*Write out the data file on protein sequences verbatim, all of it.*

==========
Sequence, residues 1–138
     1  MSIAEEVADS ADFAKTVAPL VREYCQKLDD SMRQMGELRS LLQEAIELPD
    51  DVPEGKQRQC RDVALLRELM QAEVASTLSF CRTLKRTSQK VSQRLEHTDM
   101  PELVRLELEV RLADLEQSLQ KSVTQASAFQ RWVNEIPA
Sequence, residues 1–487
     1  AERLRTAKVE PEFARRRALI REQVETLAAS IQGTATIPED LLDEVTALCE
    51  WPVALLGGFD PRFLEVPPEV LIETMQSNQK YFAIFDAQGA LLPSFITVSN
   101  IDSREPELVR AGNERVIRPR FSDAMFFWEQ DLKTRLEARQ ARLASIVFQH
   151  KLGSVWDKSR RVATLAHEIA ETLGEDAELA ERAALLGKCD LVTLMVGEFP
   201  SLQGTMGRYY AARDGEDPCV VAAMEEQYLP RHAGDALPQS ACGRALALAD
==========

Sequence, residues 1–138
     1  MSIAEEVADS ADFAKTVAPL VREYCQKLDD SMRQMGELRS LLQEAIELPD
    51  DVPEGKQRQC RDVALLRELM QAEVASTLSF CRTLKRTSQK VSQRLEHTDM
   101  PELVRLELEV RLADLEQSLQ KSVTQASAFQ RWVNEIPA
Sequence, residues 1–487
     1  AERLRTAKVE PEFARRRALI REQVETLAAS IQGTATIPED LLDEVTALCE
    51  WPVALLGGFD PRFLEVPPEV LIETMQSNQK YFAIFDAQGA LLPSFITVSN
   101  IDSREPELVR AGNERVIRPR FSDAMFFWEQ DLKTRLEARQ ARLASIVFQH
   151  KLGSVWDKSR RVATLAHEIA ETLGEDAELA ERAALLGKCD LVTLMVGEFP
   201  SLQGTMGRYY AARDGEDPCV VAAMEEQYLP RHAGDALPQS ACGRALALAD